Scientists in France have identified a genetic marker for autism that they found in a “less deep fold of Broca’s area” — an area of the brain that specializes in language and communication. The scientists at the Institut de Neurosciences de la Timone, located in Marseille, focused on this “new geometric marker called the sulcal pit.” The sulcal pit is the “deepest point of the sulcus in the cerebral cortex from which points all the folds on the brain’s surface develop.”
Using MRI scans, the scientists analyzed the sulcal pits of 102 young boys aged 2-10 according to three groups: Autism spectrum disorder, pervasive developmental disorder not otherwise specified and “normal developing” children. Comparing the three groups, the depth of the sulcal pit in the brain was less in the autism spectrum disorder group than in the other two groups. The scientists also noted in the autistic children that the deeper the sulcal pits were, the more “impaired the language production” was in the children.
Additionally, the study disproved a previously held belief that brain “cortical folding was complete at birth.” The French scientists noted that some of the brains’ “superficial folding continued to deepen with age in both the autistic and other children.”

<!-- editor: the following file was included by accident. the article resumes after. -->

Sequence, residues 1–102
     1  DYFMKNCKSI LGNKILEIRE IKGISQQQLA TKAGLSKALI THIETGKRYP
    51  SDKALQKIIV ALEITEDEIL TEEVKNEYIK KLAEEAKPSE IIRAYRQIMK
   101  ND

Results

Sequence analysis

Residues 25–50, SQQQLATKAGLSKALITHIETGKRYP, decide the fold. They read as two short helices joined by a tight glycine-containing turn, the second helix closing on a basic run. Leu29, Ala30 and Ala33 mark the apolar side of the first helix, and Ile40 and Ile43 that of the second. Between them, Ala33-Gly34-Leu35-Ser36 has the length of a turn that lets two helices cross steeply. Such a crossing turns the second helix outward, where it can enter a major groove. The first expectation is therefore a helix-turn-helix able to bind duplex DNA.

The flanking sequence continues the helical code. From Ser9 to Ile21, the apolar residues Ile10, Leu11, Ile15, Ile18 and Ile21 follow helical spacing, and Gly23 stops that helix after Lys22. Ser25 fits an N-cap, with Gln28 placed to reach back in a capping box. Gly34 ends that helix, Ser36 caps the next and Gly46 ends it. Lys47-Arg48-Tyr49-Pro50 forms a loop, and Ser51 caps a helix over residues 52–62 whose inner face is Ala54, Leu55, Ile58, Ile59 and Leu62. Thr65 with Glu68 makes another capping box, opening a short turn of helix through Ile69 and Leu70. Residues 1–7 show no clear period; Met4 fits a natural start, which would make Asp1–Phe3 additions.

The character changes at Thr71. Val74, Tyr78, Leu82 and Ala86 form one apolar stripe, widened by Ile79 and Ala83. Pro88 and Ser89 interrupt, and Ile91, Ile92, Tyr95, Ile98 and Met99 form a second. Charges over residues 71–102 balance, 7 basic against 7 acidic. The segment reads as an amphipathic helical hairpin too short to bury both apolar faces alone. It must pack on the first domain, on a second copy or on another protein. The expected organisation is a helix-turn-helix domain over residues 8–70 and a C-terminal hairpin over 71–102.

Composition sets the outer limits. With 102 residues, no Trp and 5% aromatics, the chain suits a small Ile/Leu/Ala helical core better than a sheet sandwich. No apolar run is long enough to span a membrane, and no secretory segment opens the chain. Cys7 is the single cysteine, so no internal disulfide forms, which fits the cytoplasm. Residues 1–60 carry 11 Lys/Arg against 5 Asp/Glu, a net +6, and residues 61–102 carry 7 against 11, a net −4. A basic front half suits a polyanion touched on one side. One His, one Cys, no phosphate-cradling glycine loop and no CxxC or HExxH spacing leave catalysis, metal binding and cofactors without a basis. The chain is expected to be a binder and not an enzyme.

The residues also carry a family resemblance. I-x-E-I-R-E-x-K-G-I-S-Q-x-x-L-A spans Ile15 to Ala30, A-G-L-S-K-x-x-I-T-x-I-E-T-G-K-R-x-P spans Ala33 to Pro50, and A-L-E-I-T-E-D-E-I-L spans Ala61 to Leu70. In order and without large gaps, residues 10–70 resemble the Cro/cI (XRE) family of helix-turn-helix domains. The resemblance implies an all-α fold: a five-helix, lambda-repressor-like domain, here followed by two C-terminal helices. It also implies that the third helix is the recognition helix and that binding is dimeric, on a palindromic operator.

Source: http://www.sciencedaily.com/releases/2016/01/160113101121.htm including journal reference Brun Lucile, Auzias Guillaume, Viellard Marine, Villeneuve Nathalie, Girard Nadine, Poinso François, Da Fonseca David, Christine Deruelle. Localized misfolding within Broca’s area as a distinctive feature of autistic disorder. Biological Psychiatry: Cognitive Neuroscience and Neuroimaging, 2015; DOI: 10.1016/j.bpsc.2015.11.003 published 12 January 2016.